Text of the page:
Matthew Pritchard asks if Spain will ever get over the 1930s, recalling his own personal connections to the civil war through his wife’s family
LAST month marked the 70th anniversary of the ending of the Spanish Civil War. Don’t worry if you missed it: the event was barely mentioned in the Spanish media. And this, of course, is not all that surprising. Because, although most of the people who actually lived through the conflict are dead or decrepit, the civil war is still a viciously divisive issue in Spain.
You need look no further than recent spats over the law of historical memory or the removal of the remaining statues of Franco to see the truth of this.
Part of the problem is that the Left and the Right today both cling to highly partisan versions of what actually happened during the civil war.
The left-wing version is all Republican democracy, heroism against the odds, International Brigades, la Pasionaria and cries of ‘no pasarán’. The executions, political purges and murders of clergymen are conveniently set aside.
For right-wingers, Franco was a victim of circumstance, a brave champion of Spain, who was forced into action to save the country from the social upheaval brought about by the Second Republic. They forget that the chaos unleashed by Franco’s coup d’etât was infinitely worse.
Flags, songs and symbols from the time are waved around as much for the irritation they cause the ‘other’ side as for their actual meaning.
Details of executions and massacres are thrown back and forth across the political divide in a desperate attempt to prove that two wrongs do make a right.
Even on issues where the two sides could find common ground, the political will to do so is lacking.
Take my local city of Almería where there is a monument to 142 people from the province who, after escaping to France at the end of the civil war, were arrested by the Nazis and died in the Mauthausen concentration camp. Many of these were ordinary Spaniards, murdered by a universally-despised foreign power (Germany) and each May 5 there is an act held to commemorate the dead. Politicians from left-wing parties attend. But right-wing politicians stay away.
The fact that younger generations are a little hazy on the precise details of what happened doesn’t help either. Ideal newspaper in Granada described how the Student’s Union of Andalucía recently wrote an angry letter to a school in the town of Bailén demanding its name be changed from ‘el 19 de Julio’ as it celebrated a date related with fascism.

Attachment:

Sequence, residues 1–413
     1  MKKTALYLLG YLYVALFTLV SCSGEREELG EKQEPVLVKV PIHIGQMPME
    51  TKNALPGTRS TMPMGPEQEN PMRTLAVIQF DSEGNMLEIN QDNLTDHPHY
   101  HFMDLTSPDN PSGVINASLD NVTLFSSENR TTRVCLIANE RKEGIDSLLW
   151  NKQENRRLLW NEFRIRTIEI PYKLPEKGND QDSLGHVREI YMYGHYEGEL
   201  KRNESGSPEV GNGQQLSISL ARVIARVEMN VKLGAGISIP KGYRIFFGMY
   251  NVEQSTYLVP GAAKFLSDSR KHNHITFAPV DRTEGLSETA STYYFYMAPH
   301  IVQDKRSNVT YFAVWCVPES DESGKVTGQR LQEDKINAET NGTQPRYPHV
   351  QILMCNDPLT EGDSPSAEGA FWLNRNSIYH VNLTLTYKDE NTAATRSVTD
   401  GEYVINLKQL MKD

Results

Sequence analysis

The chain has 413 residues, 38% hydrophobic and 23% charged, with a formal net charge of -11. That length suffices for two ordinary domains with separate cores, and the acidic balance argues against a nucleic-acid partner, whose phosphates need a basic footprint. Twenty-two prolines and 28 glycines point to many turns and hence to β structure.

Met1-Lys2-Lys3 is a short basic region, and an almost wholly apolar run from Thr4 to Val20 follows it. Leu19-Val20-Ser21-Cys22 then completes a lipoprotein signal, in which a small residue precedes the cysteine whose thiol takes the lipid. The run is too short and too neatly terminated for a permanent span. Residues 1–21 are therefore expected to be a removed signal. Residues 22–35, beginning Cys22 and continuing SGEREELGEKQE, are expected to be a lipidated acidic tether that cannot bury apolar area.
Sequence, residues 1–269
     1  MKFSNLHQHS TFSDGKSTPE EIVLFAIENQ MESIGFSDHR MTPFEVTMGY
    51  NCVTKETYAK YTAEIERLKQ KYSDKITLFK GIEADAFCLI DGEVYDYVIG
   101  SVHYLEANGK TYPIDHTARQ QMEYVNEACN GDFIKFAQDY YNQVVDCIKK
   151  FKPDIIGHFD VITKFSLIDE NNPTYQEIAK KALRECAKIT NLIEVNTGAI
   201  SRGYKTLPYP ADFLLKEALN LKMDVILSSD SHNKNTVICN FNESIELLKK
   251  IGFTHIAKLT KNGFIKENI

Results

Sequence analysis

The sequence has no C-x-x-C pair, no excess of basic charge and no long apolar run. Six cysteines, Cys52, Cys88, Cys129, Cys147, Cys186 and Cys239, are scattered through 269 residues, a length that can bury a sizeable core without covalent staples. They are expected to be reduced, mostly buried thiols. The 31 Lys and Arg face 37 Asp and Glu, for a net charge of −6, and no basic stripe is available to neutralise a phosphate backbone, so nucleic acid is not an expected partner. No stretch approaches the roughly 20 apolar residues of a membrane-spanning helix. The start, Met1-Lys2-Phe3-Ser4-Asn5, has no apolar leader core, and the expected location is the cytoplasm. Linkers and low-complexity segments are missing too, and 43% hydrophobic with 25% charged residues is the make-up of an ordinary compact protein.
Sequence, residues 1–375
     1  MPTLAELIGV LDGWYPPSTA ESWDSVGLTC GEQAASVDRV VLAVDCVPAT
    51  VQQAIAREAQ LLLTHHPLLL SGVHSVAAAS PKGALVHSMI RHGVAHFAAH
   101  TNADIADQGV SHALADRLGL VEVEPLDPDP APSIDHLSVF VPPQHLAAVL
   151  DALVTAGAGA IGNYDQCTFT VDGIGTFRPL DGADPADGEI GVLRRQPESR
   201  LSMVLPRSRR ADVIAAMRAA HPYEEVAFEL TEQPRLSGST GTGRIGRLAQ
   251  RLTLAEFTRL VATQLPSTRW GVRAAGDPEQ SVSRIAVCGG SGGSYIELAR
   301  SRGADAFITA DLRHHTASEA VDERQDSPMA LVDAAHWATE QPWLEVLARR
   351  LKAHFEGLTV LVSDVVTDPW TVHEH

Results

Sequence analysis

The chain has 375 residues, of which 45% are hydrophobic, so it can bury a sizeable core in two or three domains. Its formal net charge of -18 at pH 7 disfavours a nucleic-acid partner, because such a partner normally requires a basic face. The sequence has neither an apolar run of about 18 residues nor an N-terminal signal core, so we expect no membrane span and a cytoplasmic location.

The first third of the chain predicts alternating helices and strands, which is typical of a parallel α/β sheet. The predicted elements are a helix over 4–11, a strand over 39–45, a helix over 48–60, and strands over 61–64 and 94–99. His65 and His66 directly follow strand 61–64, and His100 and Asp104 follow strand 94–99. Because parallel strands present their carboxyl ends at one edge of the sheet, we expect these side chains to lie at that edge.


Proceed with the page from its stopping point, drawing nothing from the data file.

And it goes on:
The bullets and bombs might have stopped but the war did not
The school’s director had to write back politely reminding them the civil war actually began on the 18th of July – the date his school commemorated was that of the Battle of Bailén, a famous Spanish victory over the invading Napoleonic forces.
But why has Spain, unlike most other European countries, failed to put its experiences in the violent first half of the 20th century behind it?
Firstly, Spain’s war was a civil one, with all the horrors that internecine conflict entails. But what really makes Spain’s case different is what occurred afterwards: As with Republican defeat the bullets and bombs stopped; the war did not.
From the moment military action ceased, Franco strove to present himself, in the words of historian Paul Preston, as a “medieval warrior, crusader, defender of the faith and restorer of Spanish national greatness.”
The Franco regime was built upon a panoply of theatrical myths and central to this was the guilt of the Republic: it had been them, not Franco, who plunged the country into war and therefore they should be made to pay.Ghosts of Spain author and Guardian correspondent in Madrid, Giles Tremlett said: “There was a deliberate move to keep the wounds of the civil war alive. Part of this was a constant persecution of anyone who wasn’t openly for Franco.”
Under its infamous Law for the Repression of Freemasonry and Communism the regime encouraged a welter of denunciation that led to hundreds of thousands of people being imprisoned.
My wife’s grandfather was one of them and spent four years in a prison camp after a neighbour denounced him as a communist, despite not actually having fought in the war.
“They didn’t like him because he was a musician,” my mother-in-law told me. “Ironically, he wasn’t interested in politics when he went to prison. But he came out a member of the Communist party.”
This anecdote goes to the very essence of the problem. During the civil war itself, people had little choice as to which side they were on. The country rapidly fragmented into clearly defined zones of influence depending on which side won the initial armed struggle. Many people who had previously been ambivalent to politics found themselves branded Republicans by an accident of geography.
In the Spanish Civil War, pity, rather than truth was the first victim
But it was the repression after the war which caused these attitudes to harden into firmly held beliefs. Once people found themselves the victims of spiteful retribution for their perceived political allegiances, those allegiances often became reality.
What Spain is still struggling to overcome is not three years of civil war: it is three decades worth of resentment and bitterness created by totally unnecessary policies of persecution.
Of course, right wingers point to the fact that had the Republic won, exactly the same would have occurred: repression, executions, imprisonment. Depressingly, they are almost certainly right. In the Spanish Civil War, pity rather than truth was its first victim.
Spanish satirist, Mariano José de Larra, wrote: “Here lies half of Spain. It died of the other half.” Let us hope Spaniards in the 21st century can learn the truth of those words better they did in the 20th century.